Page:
I don’t have a Lume Pad yet, but I’m thinking about buying one. Perhaps some questions can be answered in advance. I shoot a lot in S3D. I already have a Freevi 3D Commander. But the tablet is because of Android 4 and the Specs hardly usable. Does anyone happen to have both devices? What is the difference in image quality when viewing S3D MPO images? What can I expect in terms of quality from the Lume Pad when I look at 3D photos? What is the sweetspot like? With the 3D Commander you had to be very exactly in the middle and not move your head or the tablet very much. Is that better with the Lume Pad? Can you watch MPOs with the Lume Player in the normal way? Can I watch SBS or HOH Cinema films on the pad?Does the pad work smoothly and quickly when switching photos?Thank you in advance for your answers
I can only say that I watch MPO from Fuji real w3 and they are good. On the specs you can see about viewing angle, and even for this I can say just it is excellent. Very smooth and powerful, I love it. I haven’t seen a movie so far, only some trailer, and they are amazing since they are very natural.
How can the Lume Pad achieve good stereo separation when the space between the rear-facing cameras is so much less than average human inter-pupillary distance?
Would be very pleased to hear a detailed technical answer, as this is a foundational question.
Sorry for posting as a reply.
With its small lens spacing, the Lume Pad camera can capture depth only in close-up photos. It is a good camera for that purpose, but if you want to capture any binocular depth beyond a couple of meters, you will need a camera with lenses spaced farther apart (or use a mono camera and move it between shots).
To put simply, it’s due to our computer vision algorithms doing Lightfield image synthesis. The disparity between the cameras gives us fantastic data up to about 10 feet away, good data up to 20 feet away, and then anything beyond that is mostly estimated using computer vision.
This is only useful, however, when displaying the content in Lightfield. As others have said, if you export the images and display them in raw stereo SBS (where we do no additional work on the image besides just stereo alignment) you’ll only get good 3D from close up or up to 10 feet away maximum.
Good information, thank you.
Wish I had enough Physics to rig a mirrored adapter such that data could be collected from greater than average human inter-pupillary distance (AHIPD), to enable “dollhouse images” of real-world scenes, in stereo.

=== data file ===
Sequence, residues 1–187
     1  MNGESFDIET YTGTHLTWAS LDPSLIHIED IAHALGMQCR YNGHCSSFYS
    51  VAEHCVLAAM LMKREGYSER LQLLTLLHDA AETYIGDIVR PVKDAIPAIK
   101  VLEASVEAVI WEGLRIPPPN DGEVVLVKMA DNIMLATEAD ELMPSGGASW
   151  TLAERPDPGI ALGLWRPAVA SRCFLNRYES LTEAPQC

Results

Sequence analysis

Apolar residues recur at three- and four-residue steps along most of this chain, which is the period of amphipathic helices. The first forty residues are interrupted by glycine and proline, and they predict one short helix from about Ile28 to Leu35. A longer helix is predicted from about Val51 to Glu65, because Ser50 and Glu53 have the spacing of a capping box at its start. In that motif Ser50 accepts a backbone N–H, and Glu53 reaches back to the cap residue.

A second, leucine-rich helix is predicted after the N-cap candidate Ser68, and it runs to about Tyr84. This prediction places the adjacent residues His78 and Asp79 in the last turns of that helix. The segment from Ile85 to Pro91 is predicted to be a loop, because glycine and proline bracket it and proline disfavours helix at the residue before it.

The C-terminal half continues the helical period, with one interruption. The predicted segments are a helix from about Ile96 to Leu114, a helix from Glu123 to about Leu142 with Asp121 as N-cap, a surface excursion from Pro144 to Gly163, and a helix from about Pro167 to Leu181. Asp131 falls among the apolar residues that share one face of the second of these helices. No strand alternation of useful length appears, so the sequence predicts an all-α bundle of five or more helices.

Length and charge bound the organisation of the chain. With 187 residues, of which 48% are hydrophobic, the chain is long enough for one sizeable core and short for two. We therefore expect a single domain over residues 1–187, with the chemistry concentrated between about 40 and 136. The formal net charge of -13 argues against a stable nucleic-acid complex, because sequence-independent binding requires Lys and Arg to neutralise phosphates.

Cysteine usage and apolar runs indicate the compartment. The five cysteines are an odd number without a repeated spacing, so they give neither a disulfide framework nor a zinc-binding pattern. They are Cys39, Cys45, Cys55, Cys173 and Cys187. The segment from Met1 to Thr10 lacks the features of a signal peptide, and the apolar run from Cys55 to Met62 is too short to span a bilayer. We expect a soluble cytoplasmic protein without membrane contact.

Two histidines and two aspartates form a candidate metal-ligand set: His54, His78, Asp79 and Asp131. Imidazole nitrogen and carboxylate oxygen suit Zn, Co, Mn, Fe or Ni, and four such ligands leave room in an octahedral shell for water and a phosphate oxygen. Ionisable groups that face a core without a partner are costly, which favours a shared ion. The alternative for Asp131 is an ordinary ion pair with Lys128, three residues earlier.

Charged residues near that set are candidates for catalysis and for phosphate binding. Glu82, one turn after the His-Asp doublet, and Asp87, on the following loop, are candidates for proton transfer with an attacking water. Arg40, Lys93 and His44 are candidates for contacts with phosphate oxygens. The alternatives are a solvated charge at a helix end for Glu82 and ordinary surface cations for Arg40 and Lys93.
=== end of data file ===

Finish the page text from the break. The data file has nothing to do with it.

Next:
I’m also very interested in purchasing a Lumepad. I’m primarily interested in watching 3D blu-ray (native frame-packing format) movies on it, though I can see there are many other very interesting 3D experiences available via Lumepad.
My main question (which I’ve seen around on this forum) is around resolution. I’ve been spoiled by the experience of viewing 3D using a ‘personal cinema headset’ which provides full 1080p resolution, upscaled to 1440p per eye.
I recognise that there will be a resolution trade-off when it comes to providing a 3D experience without the need for glasses, but I just want to understand what image quality is actually possible?
My initial impression had been that from a 2560x1600 2D screen, a stereoscopic 3D resolution of 1280x800 per eye would be possible, but what I’ve read on this forum seems to suggest that due to the way the screen pixels are arranged using the lightfield screen, any 3D content will actually be presented at 640x400 - is this accurate? I have previously owned a PSVR headset, so I’m familiar with 3D visuals presented on lower resolution displays, and while I appreciate that pixelation is more noticeable on screens being magnified through a headset than on a tablet screen, I can imagine that 640x400 resolution presented on a 10.8" display will still be quite noticeable.
Can anyone confirm the actual resolution 3D movies can be presented at 1280x800? If not, can you confirm whether pixelation is noticeable when viewing 3D movies?
Hey @Luke_T, your understanding of how the 4x4 Lightfield view structure of current consumer Leia products including Lume Pad is correct.
But of course, as with all 3D, the pixels-per-view don’t tell the whole story of the devices visual fidelity. Compared to viewing 3D movies on PSVR, Lume Pad definitely looks a bit better, but it falls just shy of matching the fidelity of a 1080p 3D TV. I hope that helps you understand what you can expect from Lume Pad.
Thanks for clarifying. I wish there was a way of seeing the Lume Pad screen with my own eyes, but your description definitely represents the next best thing.
It certainly sounds like a wonderful achievement. I hope you folks continue to develop your range of products.
@Luke_T You can find Lume Pads in select B8ta stores. If there’s one near you that has Lume Pad on display, I recommend you go take a look!